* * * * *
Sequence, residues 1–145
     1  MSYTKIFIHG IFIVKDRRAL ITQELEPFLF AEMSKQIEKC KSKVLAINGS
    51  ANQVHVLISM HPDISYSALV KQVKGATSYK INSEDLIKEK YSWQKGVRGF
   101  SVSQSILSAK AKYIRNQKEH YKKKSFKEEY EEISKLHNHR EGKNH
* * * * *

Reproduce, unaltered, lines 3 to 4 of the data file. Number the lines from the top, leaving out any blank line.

    51  ANQVHVLISM HPDISYSALV KQVKGATSYK INSEDLIKEK YSWQKGVRGF
   101  SVSQSILSAK AKYIRNQKEH YKKKSFKEEY EEISKLHNHR EGKNH